In the acting categories, as well as the Women Talking omissions, Paul Dano (The Fabelmans), Stephanie Hsu (Everything Everywhere All At Once), Olivia Colman (Empire Of Light) and Margot Robbie (Babylon) all failed to make the cut. Also missing is Vicky Krieps, whose turn in Corsage has been one of the most widely praised performances of the year, winning her best actress at the recent European Film Awards among other plaudits.
While it’s becoming a regular feature for international features to be peppered throughout the Bafta longlists beyond the non English-language category (see Flee, Drive My Car, The Hand Of God, The Worst Person In The World, Petite Maman and Titane last year), no foreign-language title actually went on to win a Bafta outside that category in 2022.
This year, the odds may be more favourable, now that Germany’s All Quiet On The Western Front has rocketed onto 15 longlists (see entry above).
British categories throw few surprises
The longlist for outstanding British film contains – and omits – little that would constitute a major snub or surprise.
As expected, the likes of The Banshees Of Inisherin, Living, Empire Of Light and The Wonder, all from seasoned male directors, rub shoulders with acclaimed female newcomer-directed indies Aftersun and Blue Jean. Titles that were perhaps less certain to appear on the longlist – but did so – include Lady Chatterley’s Lover, See How They Run, The Lost King, Roald Dahl’s Matilda The Musical and The Swimmers.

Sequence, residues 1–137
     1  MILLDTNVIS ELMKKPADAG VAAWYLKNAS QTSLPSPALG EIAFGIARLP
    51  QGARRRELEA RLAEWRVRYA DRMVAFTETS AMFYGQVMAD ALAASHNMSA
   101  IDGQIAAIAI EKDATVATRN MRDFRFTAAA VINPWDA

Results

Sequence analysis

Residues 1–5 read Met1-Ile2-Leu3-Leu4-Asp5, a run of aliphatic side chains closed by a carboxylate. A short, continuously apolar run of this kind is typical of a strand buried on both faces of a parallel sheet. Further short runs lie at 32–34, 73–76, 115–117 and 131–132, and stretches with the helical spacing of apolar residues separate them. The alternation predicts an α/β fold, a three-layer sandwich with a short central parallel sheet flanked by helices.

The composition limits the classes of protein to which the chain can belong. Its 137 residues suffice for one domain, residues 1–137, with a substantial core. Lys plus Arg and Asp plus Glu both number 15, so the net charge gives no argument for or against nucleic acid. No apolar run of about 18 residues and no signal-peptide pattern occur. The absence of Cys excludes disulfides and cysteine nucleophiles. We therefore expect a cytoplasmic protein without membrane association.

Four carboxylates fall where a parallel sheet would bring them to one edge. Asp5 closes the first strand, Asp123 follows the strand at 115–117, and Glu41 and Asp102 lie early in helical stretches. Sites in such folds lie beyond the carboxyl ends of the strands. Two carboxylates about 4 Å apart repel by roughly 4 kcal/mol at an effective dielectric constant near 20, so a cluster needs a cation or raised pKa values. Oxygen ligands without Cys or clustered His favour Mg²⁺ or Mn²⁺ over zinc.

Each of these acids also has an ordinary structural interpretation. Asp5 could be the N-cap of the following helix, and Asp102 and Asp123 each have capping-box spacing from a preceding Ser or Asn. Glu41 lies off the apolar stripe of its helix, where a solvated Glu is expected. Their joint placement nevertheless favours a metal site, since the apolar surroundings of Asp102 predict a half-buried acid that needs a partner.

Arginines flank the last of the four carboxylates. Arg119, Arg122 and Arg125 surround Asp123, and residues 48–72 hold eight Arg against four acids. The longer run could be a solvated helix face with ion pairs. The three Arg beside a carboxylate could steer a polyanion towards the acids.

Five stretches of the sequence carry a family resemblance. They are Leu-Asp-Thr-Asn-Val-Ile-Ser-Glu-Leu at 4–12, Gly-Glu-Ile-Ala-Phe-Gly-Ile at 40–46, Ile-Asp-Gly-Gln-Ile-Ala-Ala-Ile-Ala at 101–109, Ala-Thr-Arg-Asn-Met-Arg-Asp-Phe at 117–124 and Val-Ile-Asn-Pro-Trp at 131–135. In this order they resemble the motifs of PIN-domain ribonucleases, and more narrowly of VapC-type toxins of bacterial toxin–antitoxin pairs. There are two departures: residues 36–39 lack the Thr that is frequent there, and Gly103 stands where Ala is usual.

The makers of Brian And Charles will be pleased to see the film included – especially since it didn’t make Bafta’s outstanding British debut list. Conversely, a miss for The Son, following success for The Father from the same creative team, will be a disappointment in that quarter.
Mark Jenkin’s Bait won outstanding British debut and was nominated for best British film in 2020, but his follow-up Enys Men is a no-show this time around. Two high-profile British films from non-UK directors – Lena Dunham’s Catherine Called Birdy and Agnieszka Smoczynska’s The Silent Twins – are likewise not on the outstanding British film longlist.
Aftersun, with eight longlist inclusions, emerges from this process in a good place. The question now is where momentum will carry it. Two years ago, Rocks earned eight Bafta Film Award nominations, winning only for casting and rising star. Can Aftersun do better, and achieve some wins in major categories?